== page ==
Water-Efficient Technology Opportunity: Acoustic Leak-Detection Noise Loggers

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The Federal Energy Management Program (FEMP) identified acoustic leak-detection noise loggers as a water-saving technology that is relevant to the federal sector, is commercially available, and offers a significant water-savings potential.

This overview provides agencies with key information to deploy innovative products and systems that may otherwise be overlooked. It also helps agencies identify water-efficient technologies for consideration when entering into energy savings performance contracts and utility energy service contracts.  

FEMP considered the following when selecting this technology.

  • Underutilized in the federal sector
  • Broad applicability across the federal sector
  • Water and cost savings potential
  • Market availability
  • Produced by multiple manufacturers
  • Ease of installation/suitable as a retrofit

Technology Description

Identifying and locating distribution system leaks can be difficult. However, targeting problem areas for repair or replacement is critical for effective resource management and water conservation. Acoustic leak-detection technologies use sound waves to help locate leaks in distribution systems and prioritize leak repair by identifying the largest leaks.

Leaks create a distinctive noise as water leaves the pipe, with smaller leaks producing a higher-frequency sound and larger leaks typically having a lower-frequency sound.

Noise loggers are a specific type of acoustic leak-detection technology that includes a listening head and digital recorder in a single sensor. They can be attached magnetically along the distribution system (e.g., key junctions, main valves, or hydrants) and left in place for extended periods or moved as needed to record noise levels and detect leaks.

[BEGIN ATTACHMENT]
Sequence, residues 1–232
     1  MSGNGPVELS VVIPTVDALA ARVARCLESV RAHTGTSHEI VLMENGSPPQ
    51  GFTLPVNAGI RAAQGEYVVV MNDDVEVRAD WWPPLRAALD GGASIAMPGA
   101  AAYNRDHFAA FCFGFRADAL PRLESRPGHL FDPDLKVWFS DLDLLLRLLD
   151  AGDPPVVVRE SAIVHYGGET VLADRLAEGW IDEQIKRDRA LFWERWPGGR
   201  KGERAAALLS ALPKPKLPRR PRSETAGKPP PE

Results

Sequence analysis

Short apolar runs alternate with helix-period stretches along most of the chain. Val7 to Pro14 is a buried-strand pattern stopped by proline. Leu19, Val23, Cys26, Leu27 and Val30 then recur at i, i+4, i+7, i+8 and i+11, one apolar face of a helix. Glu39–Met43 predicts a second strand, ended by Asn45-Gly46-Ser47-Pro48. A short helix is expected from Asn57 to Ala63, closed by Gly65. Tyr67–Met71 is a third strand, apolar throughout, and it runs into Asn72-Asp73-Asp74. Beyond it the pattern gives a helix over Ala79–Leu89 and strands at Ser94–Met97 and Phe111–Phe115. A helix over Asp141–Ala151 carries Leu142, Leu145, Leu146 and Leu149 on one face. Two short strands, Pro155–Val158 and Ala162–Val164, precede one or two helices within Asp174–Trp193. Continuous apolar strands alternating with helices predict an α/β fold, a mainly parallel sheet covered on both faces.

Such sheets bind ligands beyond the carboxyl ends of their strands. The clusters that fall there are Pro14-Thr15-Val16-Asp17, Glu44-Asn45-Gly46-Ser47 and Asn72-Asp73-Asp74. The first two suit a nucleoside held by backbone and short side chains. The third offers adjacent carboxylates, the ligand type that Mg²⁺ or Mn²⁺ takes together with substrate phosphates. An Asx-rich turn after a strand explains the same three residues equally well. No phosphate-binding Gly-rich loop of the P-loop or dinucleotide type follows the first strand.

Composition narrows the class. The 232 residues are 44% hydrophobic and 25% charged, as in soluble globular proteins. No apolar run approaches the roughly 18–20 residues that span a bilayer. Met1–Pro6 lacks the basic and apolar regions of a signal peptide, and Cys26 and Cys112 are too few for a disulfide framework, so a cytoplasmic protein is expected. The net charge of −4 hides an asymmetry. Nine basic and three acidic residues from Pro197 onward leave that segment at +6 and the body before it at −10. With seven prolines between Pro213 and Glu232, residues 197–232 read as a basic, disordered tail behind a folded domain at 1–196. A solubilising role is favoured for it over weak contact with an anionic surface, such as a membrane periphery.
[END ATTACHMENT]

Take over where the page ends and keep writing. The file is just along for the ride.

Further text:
Graphic shows an example of how leak detections can be placed throughout a distribution system by displaying a system of white pipes intersected by gold circles representing water-detection noise loggers over beige areas that need to stay dry.
Example of how leak detectors can be deployed in a distribution system.

Technology Considerations

Acoustic leak-detection noise loggers work well for long-term recording because they eliminate the need for an operator during the recording. However, analyzing the data requires experience or specialized software to characterize and differentiate leak sounds from those of normal water flow through the distribution system and pumps and any other background noises such as construction or traffic. The user can set the sampling frequency from once per millisecond to once per minute, and the logger can store the data for several days depending on the unit’s data storage capacity. Some models feature radios allowing the data to be downloaded remotely.

Acoustic leak-detection noise loggers work best on cast iron, ductile iron, steel, concrete, and transit pipes. They will work on PVC pipe. However, longer data collection periods may be necessary (source: Control and Mitigation of Drinking Water Losses in Distribution Systems, EPA 816-R-10-019, November 2010).

Proven Savings Potential

Tobyhanna Army Depot deployed leak-detection noise loggers on its aging distribution system where sections of pipe are more than 60 years old. Six previously unknown leaks were found, totaling approximately 90,000 gallons of water loss per day or 26% of the average daily water use at the installation. The site targeted areas for repair and installed meters along with ongoing leak detection using noise loggers to reduce its loss rate to less than 11,000 gallons per day, resulting in a 20% reduction in overall water use. This work earned the army depot a 2012 Federal Energy and Water Management Award.

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